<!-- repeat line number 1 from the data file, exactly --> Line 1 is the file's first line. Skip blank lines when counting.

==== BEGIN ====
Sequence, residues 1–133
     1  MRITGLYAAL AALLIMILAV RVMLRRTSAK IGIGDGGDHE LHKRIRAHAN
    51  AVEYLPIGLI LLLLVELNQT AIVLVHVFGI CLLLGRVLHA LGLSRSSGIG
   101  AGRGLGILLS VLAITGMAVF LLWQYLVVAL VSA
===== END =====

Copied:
Sequence, residues 1–133